Dear Vegetable Eaters: Enough is Enough

“If you think veganism is beneficial, that’s fine, but why do you have to push your vegetable lifestyle on me?”


Leeda Djourshari

Extreme vegan Instagram profiles and their content focus on bashing meat eaters.

Vegan pressure:  Stop pushing your vegetable life on me

I’m still a vegetarian, but I gave up being a vegan because it was very restrictive. For many teens who need a wide variety of foods for their growing bodies, managing veganism can be unhealthy.

Why do I feel the leafy green of vegan shame?

Each person should be able to make safe and smart food choices without being “kicked out of the tofu club.”

We already know it’s never ok to fat shame.

I’m saying it’s never ok to vegan shame.

The plant-based lifestyle has recruited many new tofu eaters to their vegetable club because of the pandemic. A whopping 18% of people haven eaten more vegan and vegetarian food  since the start of the pandemic. When the population of vegans’ increases, unfortunately, so does the population of extreme vegans.

Entitled, extreme vegans constantly act as the ´vegan police´ all over social media–persistently harassing ex-vegans, current vegans who are believed to be ´fake vegans,´ and an arbitrary selection of meat-eating influencers who have a platform. These extremists can easily warp the sincere intention of veganism (to save animals from cruelty) and can make current vegans willing to end their plant-based lifestyle due to feelings of exclusion and loneliness.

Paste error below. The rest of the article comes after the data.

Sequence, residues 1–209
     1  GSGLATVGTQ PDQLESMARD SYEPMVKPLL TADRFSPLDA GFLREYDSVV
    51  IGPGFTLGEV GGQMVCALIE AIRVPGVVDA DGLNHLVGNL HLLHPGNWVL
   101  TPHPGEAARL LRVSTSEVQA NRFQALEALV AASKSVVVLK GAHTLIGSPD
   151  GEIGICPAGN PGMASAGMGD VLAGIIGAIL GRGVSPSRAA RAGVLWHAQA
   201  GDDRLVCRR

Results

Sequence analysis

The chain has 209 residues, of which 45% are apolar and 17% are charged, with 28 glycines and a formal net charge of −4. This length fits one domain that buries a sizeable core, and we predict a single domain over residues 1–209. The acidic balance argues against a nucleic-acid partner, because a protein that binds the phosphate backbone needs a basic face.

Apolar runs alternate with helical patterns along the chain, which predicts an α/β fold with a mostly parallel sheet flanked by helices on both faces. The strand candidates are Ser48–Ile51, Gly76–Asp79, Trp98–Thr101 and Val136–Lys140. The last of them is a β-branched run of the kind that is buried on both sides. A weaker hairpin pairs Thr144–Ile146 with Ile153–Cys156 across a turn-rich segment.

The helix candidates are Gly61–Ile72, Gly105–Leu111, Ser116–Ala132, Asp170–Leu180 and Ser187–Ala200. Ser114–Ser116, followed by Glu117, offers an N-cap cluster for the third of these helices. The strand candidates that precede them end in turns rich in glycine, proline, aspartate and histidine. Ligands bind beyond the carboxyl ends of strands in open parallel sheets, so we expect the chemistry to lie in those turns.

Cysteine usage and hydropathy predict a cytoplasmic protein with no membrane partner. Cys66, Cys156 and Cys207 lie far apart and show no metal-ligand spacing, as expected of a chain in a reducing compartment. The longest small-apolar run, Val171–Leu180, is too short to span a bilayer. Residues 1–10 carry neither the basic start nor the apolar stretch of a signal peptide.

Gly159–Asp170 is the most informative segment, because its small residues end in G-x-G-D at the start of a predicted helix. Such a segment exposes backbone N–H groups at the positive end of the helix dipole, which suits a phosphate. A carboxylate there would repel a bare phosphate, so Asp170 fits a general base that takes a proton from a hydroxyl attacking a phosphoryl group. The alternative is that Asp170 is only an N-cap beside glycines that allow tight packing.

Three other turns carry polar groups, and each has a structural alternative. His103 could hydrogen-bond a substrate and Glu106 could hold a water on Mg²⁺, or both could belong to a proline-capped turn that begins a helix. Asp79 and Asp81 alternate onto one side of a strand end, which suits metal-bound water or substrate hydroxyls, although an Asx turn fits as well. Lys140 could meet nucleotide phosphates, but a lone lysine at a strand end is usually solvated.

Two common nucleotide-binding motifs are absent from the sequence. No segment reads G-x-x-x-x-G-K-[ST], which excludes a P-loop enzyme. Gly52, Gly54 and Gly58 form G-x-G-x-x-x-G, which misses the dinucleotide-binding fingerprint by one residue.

Why in the world do extreme vegans portray themselves as the only true believers, like some sort of saints., if they’re the ones’ driving people away from veganism?

Pressure from extreme vegans is a constant occurrence. Sophomore, Tess Engel, said “I’m vegetarian, so I know first-hand that over social media, there’s definitely two communities– a positive community with vegans and vegetarians, and then there’s the community filled with toxic vegans who are hating on newcomers for not following the very strict vegan diet. It makes me feel ashamed as a vegetarian because it very easily can place a negative shadow over vegans and vegetarians, even when most of us are super supportive.” 

It is quite ironic that some animal lovers who preach to care so much about the environment and the world are the same ones who don’t mind hurting human beings’ mental health in order to preserve their ideology. Even vegetarians do not like the toxic vegans–and that’s saying something. 

Being vegan as a teenager also puts substantial pressure on family members. That’s another form of shame.

Mo Djourshari, a Lancer parent, said “You can’t eat what you want when you’re out with a vegan for dinner, and you also have to constantly find vegan friendly spots. Everything on a vegan restaurant menu seems like something my lunch would eat. I have no problem with vegans who aren’t pushy. They can eat all the grass that’s out there.”

Having to adjust family meals is harder than it sounds, and when mom is cooking steak for dinner, there’s no easy replacement.